Charts and Dashboards: Histogram Hiccoughs – Part 1
5 May 2023
Welcome back to our Charts and Dashboards blog series. This week, we look at a standard Excel Histogram and some issues it presents.
We have some ‘Age’ data for this week’s chart:
We would like to show this information in a Histogram chart. This helps us to analyse the distribution of the data, helping us to visualise how many people are in different age categories, sometimes referred to as “buckets”. This week, we look at the standard Excel Histogram chart, which is available in Excel 2016 onwards.
We select our data, and go to the Insert tab, where we select the ‘Recommended Charts’ option:
Even though it is a logical chart for our data, the Histogram is not suggested:
To find the chart we want, we need to select the ‘All Charts’ tab:
Having located the Histogram chart, we click ‘OK’ to select it:
This gives us a basic chart, but there are some things we would like to do to improve it. We can select the chart and use the Format tab to format the chart elements:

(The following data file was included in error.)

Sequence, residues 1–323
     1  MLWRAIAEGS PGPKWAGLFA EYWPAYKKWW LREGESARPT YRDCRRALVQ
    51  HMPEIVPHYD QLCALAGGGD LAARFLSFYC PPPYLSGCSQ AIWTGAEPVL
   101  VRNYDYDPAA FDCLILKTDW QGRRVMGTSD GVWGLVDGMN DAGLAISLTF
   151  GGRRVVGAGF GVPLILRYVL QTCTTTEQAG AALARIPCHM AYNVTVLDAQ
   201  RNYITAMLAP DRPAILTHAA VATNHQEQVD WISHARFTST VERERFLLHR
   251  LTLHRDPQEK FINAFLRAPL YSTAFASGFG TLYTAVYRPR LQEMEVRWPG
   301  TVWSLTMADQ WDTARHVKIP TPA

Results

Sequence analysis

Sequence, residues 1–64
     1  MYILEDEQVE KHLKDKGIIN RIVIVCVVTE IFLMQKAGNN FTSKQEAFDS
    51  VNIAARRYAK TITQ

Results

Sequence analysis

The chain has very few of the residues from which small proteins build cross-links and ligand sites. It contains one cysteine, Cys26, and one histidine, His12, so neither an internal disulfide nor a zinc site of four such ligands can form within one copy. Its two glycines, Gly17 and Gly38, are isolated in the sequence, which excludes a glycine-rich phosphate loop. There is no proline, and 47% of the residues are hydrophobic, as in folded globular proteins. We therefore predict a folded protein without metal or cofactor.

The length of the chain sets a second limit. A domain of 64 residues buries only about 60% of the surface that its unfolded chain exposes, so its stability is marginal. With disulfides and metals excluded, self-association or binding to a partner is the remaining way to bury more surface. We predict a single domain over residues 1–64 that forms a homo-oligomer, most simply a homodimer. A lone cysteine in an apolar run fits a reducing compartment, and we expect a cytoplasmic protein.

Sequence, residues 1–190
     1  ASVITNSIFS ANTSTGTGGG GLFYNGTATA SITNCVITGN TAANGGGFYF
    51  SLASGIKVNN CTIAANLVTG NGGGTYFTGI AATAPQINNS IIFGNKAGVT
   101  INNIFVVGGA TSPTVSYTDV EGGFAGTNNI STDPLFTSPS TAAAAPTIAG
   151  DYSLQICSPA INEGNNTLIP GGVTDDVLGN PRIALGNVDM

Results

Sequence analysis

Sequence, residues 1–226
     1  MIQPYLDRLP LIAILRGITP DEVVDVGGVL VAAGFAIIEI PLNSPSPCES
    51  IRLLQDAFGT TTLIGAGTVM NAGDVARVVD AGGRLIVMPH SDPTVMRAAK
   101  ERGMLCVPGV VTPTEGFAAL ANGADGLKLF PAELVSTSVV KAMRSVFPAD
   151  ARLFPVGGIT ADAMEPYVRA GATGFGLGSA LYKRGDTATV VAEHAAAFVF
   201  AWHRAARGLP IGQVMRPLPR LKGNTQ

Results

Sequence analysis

We would like to add shadow and rounded corners to the chart area, so we select the Chart Area in the dropdown, and choose ‘Format Selection’ to access the ‘Format Chart Area’ pane:
In the Effects options, we can choose shading:
However, in the Border options, there is no ‘Rounded Corners’ option at the bottom of the pane:
There is another feature which is not available to us on this chart. When we create chart titles, we often use an excel formula to determine the title so that it is dynamic, as we covered in Dynamic Chart Titles.
When we try and access the formula bar for this title, we are not permitted to type anything:
Whilst we are able to create a standard Excel Histogram chart, we are unable to access many of the features that we have come to expect when creating charts.
There is also a practical problem. The chart above is using the data in cells F38:G64. However, if I hide the data:
We have a polar bear in a snowstorm. We have covered this issue in Hiding Data – Part 2, where we solved it using the ‘Hidden and Empty Cells’ settings on the ‘Select Data’ dialog. We can access this by selecting the chart and right-clicking:
However, for the standard Histogram, the ‘Hidden and Empty Cells’ option is greyed out:
Next time, we will look at an alternative method of creating a Histogram chart which will not only allow us to round the corners and stop the chart from disappearing, but also provide a truly dynamic solution.
That’s it for this week, come back next week for more Charts and Dashboards tips.